Saturday, June 26, 2010

Hyvää Juhannusta! and some pagan christian ramblings...

Paganism was widespread throughout Europe in early times and Finland was no exception. Up until the year 1316 (and so I've read, even into the 1800's of orthodox southern Karelia) the time now reserved on Finnish calendars as Juhannus was actually a celebration of nature and especially of Ukko, the sky and weather Thunder God.

The time then was called Ukon juhla. There would be Thunder festivals of light, fertility and for guaranteeing the abundant harvests. The creation of beer and the consumption of it, would hail his honour. The people would set bonfires, many, many of them and the largest would be the bonfire of Ukko itself, in Finnish it was called the Ukko-kokko. It was also a time for cleansing of the soul, in the fight against evil, as well as to celebrate the summer solstice.

This bonfire example was found on the area website.

Mikael Agricola, (c. 1510 – 9 April 1557) the father of the Finnish written language and devout christian reformist wrote in poetry about the pagan times pre-Juhannus. You can tell he didn't think much of the revelry!

Ja kun kevätkyntö kylvettiin,
silloin Ukon malja juotiin.
Siihen haettiin Ukon vakka,
niin juopui piika että akka.
Sitten paljon häpeällistä siellä tehtiin,
niin kuin sekä kuultiin että nähtiin.

Roughly translated as:

And when the Spring plowing was sown,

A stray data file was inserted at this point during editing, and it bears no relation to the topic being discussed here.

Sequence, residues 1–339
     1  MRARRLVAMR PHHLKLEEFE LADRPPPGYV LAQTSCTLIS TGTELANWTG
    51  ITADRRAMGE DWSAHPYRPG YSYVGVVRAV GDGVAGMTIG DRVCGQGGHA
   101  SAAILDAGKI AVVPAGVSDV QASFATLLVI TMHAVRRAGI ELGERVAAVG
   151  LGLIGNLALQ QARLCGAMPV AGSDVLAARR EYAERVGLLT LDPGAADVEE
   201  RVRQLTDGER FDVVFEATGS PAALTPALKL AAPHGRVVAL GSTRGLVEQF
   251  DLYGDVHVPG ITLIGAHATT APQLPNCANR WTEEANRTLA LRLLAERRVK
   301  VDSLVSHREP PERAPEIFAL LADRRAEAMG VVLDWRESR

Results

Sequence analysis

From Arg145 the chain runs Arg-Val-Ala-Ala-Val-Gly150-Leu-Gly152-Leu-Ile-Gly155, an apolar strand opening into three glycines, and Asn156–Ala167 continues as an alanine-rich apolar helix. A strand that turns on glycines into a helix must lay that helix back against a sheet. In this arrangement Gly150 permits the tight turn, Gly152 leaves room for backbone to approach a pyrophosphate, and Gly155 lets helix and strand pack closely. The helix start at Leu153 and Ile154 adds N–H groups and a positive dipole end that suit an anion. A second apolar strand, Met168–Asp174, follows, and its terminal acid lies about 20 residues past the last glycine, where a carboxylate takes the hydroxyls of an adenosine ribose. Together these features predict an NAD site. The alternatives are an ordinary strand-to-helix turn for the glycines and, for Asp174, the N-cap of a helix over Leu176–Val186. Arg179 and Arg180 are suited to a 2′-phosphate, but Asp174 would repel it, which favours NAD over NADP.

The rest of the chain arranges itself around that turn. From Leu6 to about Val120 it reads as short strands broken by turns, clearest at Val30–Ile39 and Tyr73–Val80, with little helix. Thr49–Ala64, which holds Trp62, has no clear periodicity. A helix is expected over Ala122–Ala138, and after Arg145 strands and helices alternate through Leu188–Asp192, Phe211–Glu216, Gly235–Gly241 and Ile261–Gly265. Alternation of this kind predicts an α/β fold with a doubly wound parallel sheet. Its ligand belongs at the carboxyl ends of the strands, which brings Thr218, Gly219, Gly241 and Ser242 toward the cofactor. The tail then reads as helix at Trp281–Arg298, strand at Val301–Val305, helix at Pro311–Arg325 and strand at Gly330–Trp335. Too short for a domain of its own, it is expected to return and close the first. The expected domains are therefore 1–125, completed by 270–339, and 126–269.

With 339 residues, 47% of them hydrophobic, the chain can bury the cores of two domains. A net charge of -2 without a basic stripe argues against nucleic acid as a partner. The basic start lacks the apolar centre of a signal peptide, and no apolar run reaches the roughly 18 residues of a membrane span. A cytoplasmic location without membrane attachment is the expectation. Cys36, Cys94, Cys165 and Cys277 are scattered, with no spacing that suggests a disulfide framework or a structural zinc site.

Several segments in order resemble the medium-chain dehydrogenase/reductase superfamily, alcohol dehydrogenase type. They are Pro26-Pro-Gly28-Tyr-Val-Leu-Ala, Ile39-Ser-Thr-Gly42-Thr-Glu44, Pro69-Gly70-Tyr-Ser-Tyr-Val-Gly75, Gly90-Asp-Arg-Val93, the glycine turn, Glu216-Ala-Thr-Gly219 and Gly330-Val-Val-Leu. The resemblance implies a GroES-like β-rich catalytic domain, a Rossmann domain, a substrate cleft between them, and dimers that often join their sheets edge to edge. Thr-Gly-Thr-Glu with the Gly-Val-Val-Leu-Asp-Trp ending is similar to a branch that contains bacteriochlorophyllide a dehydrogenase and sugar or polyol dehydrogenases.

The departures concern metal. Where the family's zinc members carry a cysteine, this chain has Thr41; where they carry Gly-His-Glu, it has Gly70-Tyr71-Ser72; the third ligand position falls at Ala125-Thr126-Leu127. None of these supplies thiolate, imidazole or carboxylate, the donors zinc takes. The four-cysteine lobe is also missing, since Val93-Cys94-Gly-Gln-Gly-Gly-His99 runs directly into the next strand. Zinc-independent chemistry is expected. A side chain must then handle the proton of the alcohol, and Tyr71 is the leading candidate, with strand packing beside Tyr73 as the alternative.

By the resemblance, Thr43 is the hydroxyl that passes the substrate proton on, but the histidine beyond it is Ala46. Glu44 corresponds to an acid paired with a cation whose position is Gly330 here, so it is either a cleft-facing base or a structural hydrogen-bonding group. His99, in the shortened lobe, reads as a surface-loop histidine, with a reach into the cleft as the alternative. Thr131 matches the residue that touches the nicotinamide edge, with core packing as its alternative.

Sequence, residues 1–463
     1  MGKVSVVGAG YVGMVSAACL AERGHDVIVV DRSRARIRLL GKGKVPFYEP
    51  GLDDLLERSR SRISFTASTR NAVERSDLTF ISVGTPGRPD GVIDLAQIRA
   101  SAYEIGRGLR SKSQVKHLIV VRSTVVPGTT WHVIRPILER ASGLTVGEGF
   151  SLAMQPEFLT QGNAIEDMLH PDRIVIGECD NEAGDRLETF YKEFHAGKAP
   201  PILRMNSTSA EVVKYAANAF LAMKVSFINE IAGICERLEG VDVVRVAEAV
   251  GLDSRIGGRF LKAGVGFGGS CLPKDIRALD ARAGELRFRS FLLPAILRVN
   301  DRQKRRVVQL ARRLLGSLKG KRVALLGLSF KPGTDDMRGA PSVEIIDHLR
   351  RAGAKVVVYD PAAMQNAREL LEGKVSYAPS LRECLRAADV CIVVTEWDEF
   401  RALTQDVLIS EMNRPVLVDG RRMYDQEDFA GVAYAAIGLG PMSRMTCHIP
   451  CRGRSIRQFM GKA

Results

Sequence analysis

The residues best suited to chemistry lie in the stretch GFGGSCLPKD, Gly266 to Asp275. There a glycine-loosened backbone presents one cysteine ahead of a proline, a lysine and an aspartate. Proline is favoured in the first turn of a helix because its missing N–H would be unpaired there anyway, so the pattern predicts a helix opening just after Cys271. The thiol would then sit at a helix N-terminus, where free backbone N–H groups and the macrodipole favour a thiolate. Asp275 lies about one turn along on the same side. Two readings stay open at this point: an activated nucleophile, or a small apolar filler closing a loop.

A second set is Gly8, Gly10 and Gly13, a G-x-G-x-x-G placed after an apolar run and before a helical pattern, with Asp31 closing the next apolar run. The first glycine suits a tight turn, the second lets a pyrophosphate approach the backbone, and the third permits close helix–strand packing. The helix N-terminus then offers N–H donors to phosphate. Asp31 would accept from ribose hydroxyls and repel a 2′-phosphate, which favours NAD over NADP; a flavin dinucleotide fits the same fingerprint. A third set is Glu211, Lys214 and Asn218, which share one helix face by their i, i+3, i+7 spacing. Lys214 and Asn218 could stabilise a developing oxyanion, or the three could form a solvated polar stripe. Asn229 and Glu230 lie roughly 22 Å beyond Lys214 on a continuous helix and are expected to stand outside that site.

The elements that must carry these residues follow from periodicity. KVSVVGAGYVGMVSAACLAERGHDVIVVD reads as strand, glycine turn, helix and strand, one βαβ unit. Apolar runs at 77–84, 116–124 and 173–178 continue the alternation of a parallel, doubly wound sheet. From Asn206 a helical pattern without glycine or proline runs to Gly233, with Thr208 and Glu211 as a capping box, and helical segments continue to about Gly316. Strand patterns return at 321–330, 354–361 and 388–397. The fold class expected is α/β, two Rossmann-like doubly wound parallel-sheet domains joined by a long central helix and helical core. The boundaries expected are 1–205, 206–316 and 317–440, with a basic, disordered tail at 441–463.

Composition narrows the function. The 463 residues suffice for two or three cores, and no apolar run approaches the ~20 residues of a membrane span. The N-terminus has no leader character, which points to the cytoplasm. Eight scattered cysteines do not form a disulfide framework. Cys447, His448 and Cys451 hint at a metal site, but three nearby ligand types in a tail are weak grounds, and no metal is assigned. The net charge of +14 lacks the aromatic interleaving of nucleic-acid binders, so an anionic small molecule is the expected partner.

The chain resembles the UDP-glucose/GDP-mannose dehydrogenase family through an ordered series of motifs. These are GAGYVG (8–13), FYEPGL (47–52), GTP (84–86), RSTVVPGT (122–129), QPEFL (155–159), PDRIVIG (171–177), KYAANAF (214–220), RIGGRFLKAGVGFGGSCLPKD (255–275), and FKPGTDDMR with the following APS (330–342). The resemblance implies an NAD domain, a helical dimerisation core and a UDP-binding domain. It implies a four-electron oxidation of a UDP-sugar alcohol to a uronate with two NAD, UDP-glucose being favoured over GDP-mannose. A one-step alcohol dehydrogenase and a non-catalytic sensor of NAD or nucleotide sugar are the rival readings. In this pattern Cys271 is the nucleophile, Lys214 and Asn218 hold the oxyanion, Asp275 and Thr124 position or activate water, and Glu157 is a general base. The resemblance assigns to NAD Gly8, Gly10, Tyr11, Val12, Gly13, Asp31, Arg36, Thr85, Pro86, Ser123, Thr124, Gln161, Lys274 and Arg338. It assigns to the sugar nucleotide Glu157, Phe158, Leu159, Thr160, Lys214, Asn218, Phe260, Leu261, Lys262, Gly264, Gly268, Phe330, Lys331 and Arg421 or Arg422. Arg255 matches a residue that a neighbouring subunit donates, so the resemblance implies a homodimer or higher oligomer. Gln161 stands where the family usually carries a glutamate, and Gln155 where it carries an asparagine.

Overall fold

a toast was drank to Thunder
Thunder was sought by the bushel,
(an old measuring term for dry corn and harvest of)
maidens drunk like old women.
Then there was a lot of shame done,
as well as heard as was seen.

At the same time however, the R.C. church held the day in memory of John the Baptist and when Christianity swept the country, rather than disband the day, the old celebration was simply renamed. John the Baptist washed over the old least in name, for many celebrations continued and survived the reformation... even until this day. St. John's day however was translated into Finnish as Juhannus.

One might well ask, why St. John the Baptist was feasted on that day? It's a quarter day celebration and just as Yule time, or the now christian christmas, marks the birth of Jesus, Midsummer marks the birth of John the Baptist. Which is interesting really, to me anyway - because most Saints are remembered for their day of death (or their birth into heaven) rather than their birth into this world. Apparently his birthday is based on the Gospel of Luke and because he was said to be the prophet who was born six months before Jesus in order to announce Jesus' arrival. Hence why, John the Baptists birthday is celebrated exactly six months before Christmas. John acts as his sacrificial twin, he the dark twin of midsummer and Jesus the light twin of the winter solstice.

Being that I have pagan leanings, I find pagan shifts of dates to christian calendars interesting and I like to see the reasonings behind them... and how, in reality, the pagan aspects are still afoot! For instance in paganism the sun has two energies or personalities... there is the light and the dark god, the Oak King and the Holly King. They, as nature itself, battle over the seasons, the favour of the Goddess and the light that pervades this world through the aeons.